The fort was rebuilt in 1673 by the British as the need was felt by the East India company to fortify the island of Bombay as it was a thriving center for trade and shipping. The fort during the British times housed a guardhouse meant for the soldiers to reside in, a parade ground and the guns were strategically located to cover the Mahim in the west and Trombay in the east. According to the locals there was a secret tunnel built by the Portuguese at the base of this fort that connected to the nearby creek and there is another legend that says that the tunnel served as a passage to Mahim through Dharavee. In the beginning of the 19th century parts of the Sion fort were blasted to construct the GIP Railway Line, the Sion causeway and the Sion-Trombay road.[7]

The grounds around the Sion fort have been converted into garden named after Pandit Jawarharlal Nehru or popularly known as the Sion gardens. The fort is classified as a national monument and is under the control of the Central Government.

The height of Sion Fort was 239ft.

sion fort1

 

The Duncan Causeway

board showing _Duncan Causeway_

There were many breaches between the seven disparate Islands of Bombay. These breaches were filled up by building four main causeways. The breach between the Sion, the eastern limit of the Island of Bombay and the Island of Salsette was filled by building the Duncan/Sion causeway. Prior to the construction of the causeway ferry boats plied between the two islands.

The project to build the causeway began in 1798 and finished in 1805 at a cost of 5037 pounds i.e Rs.50,370. In 1826 under the administration of Mr. Mountstuart Elphisone, its breadth was doubled and it was otherwise improved at a further outlay of 4000 pounds i.e Rs. 40,000. The Sion causeway was 935 yards long( 5,751ft ) and 24ft wide, and the roadway was raised to a minimum height of 9ft above the swampy ground. It was used in all the seasons of the year and during the dry weather there was great traffic.This causeway was originally built under the direction Captain W. Brook and the addition and the improvements were carried out by Captain W. A. Tate. [8]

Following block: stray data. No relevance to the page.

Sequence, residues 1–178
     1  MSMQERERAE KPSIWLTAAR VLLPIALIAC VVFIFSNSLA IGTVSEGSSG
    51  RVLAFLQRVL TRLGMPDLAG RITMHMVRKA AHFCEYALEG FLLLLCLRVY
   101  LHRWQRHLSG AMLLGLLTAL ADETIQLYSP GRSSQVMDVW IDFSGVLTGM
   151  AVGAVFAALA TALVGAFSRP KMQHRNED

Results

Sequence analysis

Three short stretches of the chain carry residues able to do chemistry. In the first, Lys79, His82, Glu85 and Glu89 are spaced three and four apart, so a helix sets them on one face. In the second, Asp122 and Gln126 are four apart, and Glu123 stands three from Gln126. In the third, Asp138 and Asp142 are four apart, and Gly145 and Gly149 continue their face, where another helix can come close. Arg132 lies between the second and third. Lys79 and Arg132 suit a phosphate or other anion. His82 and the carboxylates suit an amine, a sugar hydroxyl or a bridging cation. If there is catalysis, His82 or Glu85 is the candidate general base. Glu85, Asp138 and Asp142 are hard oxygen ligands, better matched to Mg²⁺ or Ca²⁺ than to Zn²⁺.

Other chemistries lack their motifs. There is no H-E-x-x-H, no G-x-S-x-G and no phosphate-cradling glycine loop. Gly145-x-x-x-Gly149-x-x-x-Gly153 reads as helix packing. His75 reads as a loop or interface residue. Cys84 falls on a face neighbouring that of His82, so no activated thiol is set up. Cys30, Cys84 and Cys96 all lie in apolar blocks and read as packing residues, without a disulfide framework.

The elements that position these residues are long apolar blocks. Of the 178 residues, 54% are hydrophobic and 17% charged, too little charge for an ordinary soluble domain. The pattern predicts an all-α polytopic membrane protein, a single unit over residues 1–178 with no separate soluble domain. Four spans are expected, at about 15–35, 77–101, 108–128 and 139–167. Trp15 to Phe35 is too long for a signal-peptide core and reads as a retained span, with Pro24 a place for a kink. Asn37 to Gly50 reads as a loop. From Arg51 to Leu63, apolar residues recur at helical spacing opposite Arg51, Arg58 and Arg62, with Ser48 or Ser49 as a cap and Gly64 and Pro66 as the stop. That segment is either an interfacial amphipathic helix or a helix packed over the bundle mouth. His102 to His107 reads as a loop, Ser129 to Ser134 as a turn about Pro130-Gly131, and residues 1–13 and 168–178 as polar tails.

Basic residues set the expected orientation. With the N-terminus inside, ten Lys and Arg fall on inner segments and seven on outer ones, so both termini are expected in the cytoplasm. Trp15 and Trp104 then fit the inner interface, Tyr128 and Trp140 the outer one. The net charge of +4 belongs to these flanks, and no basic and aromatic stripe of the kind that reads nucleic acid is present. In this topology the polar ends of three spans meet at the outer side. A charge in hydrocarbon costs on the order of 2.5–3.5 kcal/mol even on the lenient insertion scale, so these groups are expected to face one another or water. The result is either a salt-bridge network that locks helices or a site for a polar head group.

Maria Graham (1812) writes in her journal about an inscription she saw on a small house that stated that the causeway was begun in 1797 and finished in 1805 at the cost of Rs.50,575.[9] The house and the inscription it had engraved on its wall is not to be found anywhere today.

Till 1979 the Road was called as Duncan Road, named after the Governor of Bombay who built it. Later it was renamed as NS Mankikar Marg. The Municipal Sewage Pumping Station, Sion( Udayachan Kendra ) is situated on this causeway.

 

 

 

Garrison or an Ammunition dump-

garrison with ts entrance

Garrison with its entrance